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Former VCU track star Verniece (Johnson) Love won nearly $71,000 on 'Wheel of Fortune' in July.

Former VCU track star Verniece (Johnson) Love won nearly $71,000 on ‘Wheel of Fortune’ in July.

RICHMOND, Va. – Over the years, few things were as predictable in Deloris Johnson’s household as her whereabouts from 7-8 p.m., Monday through Friday. Every weeknight, she could be counted on to tune in to “Wheel of Fortune”, the iconic, long-running syndicated game show. It’s been that way for years.

But Monday’s episode was like no other for the Louisa County resident. That’s because on Monday night, she watched her granddaughter, former VCU track star Verniece (Johnson) Love, win nearly $71,000 on the show.

Love, who was raised by Johnson, says she’d watch “Wheel” nearly every night with her grandmother and used to talk about spinning the wheel when she grew up.

“She was so excited,” Love said of her grandmother. “I talked to her again this morning. She kept saying how proud she was of me and how pretty I looked on TV. She’s been talking about it nonstop. I think she called everybody in Louisa County.”

Johnson won’t be the only one sharing the story now. For the first time, Love is able to talk about the big win on “Wheel.” Love actually filmed her episode on July 11 at the show’s studios in Culver City, California, but was required to sign a confidentiality agreement. Now, it’s all anyone wants to talk about.

“Since last night, my phone has been blowing up,” said Love, who lives in Richmond with her husband, Darryl, and their two children. “I had people who didn’t believe I was going to be on the show, and now my phone and my Facebook have been going bananas.”

Love attended VCU from 2005-09 and was a standout on the track and field team. She still owns the program’s indoor and outdoor long jump records. She graduated in 2009 with a degree in marketing, and also minored in African American studies and economics. She met her husband, who studied finance, at VCU. Today, she is a certification officer with the Virginia Department of Small Business and Supplier Diversity.



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Jaleesa Williams stands, moments after releasing a throw at the 2013 NCAA Discus Championship.

Jaleesa Williams stands, moments after releasing a throw at the 2013 NCAA Discus Championship.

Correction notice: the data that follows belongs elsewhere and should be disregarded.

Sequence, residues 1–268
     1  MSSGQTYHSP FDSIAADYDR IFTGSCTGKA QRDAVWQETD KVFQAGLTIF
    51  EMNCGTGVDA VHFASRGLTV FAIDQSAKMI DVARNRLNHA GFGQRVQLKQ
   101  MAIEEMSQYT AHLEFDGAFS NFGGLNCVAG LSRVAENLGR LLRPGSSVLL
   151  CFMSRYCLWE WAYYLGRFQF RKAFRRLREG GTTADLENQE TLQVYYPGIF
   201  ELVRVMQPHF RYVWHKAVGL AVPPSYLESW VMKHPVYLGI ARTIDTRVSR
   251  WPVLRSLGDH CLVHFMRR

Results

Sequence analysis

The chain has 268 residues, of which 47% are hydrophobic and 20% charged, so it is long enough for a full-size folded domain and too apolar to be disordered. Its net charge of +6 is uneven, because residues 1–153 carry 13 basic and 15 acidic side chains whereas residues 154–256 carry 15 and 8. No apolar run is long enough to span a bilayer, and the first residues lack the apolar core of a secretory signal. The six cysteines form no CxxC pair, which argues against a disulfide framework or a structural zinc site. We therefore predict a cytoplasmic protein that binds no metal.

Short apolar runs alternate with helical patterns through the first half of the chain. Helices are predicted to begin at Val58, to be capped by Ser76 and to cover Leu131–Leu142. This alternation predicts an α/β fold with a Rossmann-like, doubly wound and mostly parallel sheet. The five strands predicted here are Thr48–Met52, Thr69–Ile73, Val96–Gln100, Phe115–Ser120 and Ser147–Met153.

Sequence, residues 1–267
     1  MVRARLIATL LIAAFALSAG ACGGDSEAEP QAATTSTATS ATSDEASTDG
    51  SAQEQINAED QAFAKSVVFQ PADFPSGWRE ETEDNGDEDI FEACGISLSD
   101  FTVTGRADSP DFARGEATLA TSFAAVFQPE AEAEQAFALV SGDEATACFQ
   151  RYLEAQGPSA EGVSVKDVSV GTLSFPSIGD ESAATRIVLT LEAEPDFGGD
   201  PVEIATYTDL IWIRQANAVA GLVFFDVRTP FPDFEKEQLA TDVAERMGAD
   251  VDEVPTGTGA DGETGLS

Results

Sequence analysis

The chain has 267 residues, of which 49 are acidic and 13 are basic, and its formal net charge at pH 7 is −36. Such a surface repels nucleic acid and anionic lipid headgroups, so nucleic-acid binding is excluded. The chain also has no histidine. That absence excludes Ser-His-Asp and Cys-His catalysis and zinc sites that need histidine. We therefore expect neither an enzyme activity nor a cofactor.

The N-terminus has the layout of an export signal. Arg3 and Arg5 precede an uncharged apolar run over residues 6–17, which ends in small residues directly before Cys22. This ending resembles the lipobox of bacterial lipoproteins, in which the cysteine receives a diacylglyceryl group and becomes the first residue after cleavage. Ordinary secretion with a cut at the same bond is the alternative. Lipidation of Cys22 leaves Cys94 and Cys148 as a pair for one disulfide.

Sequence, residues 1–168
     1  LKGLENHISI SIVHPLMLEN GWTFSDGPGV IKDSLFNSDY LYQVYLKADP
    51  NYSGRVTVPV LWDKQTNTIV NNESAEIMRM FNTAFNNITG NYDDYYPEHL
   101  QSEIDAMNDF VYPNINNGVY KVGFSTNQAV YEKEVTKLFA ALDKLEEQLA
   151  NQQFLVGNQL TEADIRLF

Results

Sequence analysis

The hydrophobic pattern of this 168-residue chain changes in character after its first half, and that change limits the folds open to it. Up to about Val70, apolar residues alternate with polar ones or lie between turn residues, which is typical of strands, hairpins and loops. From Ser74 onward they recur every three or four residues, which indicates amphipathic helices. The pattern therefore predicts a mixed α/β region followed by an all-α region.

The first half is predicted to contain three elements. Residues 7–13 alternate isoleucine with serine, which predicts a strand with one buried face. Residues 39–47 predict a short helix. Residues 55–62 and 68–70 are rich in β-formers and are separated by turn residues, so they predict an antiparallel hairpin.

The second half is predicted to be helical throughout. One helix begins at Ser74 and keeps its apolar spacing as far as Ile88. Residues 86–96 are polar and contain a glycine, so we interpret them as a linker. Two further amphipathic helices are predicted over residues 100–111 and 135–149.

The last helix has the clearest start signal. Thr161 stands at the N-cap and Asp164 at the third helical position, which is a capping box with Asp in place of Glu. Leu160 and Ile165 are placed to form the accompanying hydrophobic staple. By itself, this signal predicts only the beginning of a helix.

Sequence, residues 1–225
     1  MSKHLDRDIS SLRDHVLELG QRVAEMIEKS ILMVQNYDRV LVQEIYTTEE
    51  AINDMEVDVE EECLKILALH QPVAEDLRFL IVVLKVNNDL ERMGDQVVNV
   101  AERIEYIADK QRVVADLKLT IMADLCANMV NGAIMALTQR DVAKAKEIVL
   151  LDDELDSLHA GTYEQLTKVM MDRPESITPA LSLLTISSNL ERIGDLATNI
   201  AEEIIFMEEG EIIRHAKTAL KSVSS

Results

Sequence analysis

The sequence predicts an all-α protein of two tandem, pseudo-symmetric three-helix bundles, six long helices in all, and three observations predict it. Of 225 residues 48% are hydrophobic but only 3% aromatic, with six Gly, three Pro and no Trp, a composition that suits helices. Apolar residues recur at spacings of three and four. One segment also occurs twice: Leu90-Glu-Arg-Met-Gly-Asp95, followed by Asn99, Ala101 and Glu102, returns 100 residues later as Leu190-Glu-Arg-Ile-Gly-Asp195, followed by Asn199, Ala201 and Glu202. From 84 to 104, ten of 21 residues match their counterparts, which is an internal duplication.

Don’t assume that Jaleesa Williams’ outsized personality means she’s boisterous about her successes. She could fill pickup truck with all the awards she’s won during her four-year career as VCU’s most distinguished thrower. Yet, Williams says her Richmond apartment bears little evidence of her All-American career. Instead, she sends all her trophies home with her mother, Julia.

“She’ll appreciate it more than me,” Williams says. “It’s something to be able to give your mother an MVP trophy for all the hard work and hard-headedness she had to withstand. All the long, cold indoor track meets in high school, being underappreciated, it’s like, ‘here you go.’”

This week, Williams is going to try to win one more for her mom, as well as her father, John.

On Thursday, Williams returns to the NCAA Championships at the University of Oregon in Eugene, where she hopes to secure one of eight coveted All-America statuettes in the discus. Last season, the Virginia Beach native placed 12th at the national meet to earn Second Team All-America honors, the first thrower, man or woman, in program history to receive that distinction.

This year, Williams is better than ever. On May 30 at the NCAA East Preliminary Round in Jacksonville, Florida, Williams uncorked a school-record heave of 57.97 meters (190’ 2’’) to place third and punch her return ticket to Eugene. There’s plenty of reason to believe Williams is poised for more history. Her preliminary round mark would have won last year’s national championship and is more than four meters longer than her mark from the 2013 meet (53.12m).



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VCU has one of the best groups of throwers in the Atlantic 10, and junior Ryan Coles is one reason why. The junior from New Kent finished second at the A-10 Indoor Championships this winter in the shot put and fourth in the weight throw. VCU Athletics recently sat down with Ryan to get to know him a little better.


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Folks, the Fall 2013 edition of The Ram Report is now available online. Check out profiles on Men’s Soccer goalie Andrew Wells, Women’s Soccer Coach Lindsey Vanderspiegel, former first round draft pick Justin Orenduff and Field Hockey’s Nicole Barry, who had an interesting summer internship, plus a bunch of other good stuff. Click the cover below to read it all.



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Former VCU sprinter Dom Costanzo recently earned an invitation to the USOC's Skeleton School in November.

Former VCU sprinter Dom Costanzo recently earned an invitation to the USOC’s Skeleton School in November.

RICHMOND, Va. – It’s probably not fair to call Dom Costanzo an adrenaline junkie, but he’s dabbled. From skydiving to snowboarding, the former VCU sprinter knows how to get his blood pumping. But speeding downhill at 80 miles per hour, on a sled slightly larger than a cafeteria tray? That’s new.

But that’s what lies ahead for the 22-year-old Costanzo, who recently won an invitation to USA Bobsled and Skeleton’s “Skeleton School” in November. Skeleton is an Olympic sliding sport similar to luge, but with competitors lying chest-down and face-first on their way down an icy track.

Costanzo, who graduated from VCU in 2013 with a degree in business management, earned his spot at Skeleton School through one of Team USA’s skeleton combines in Lake Placid, N.Y. Eleven of the combines, which are available to any person willing to try, were staged between May and September in seven North American cities.

Participants are graded on their abilities to perform eight different physical challenges that reflect the blend of speed and strength necessary for skeleton, including 15-, 30- and 45-meter dashes, the broad jump, squat and weigh toss. Each event is worth up to 100 points, which means the highest possible combined score is 800. Those with a score of 700 or better generally receive an invite to skeleton school, a feeder program to help the United States unearth and develop talent. Costanzo scored 749 points, which ranked fifth among the 34 combine attendees who took their shot this summer. Just 12 reached the 700-point threshold.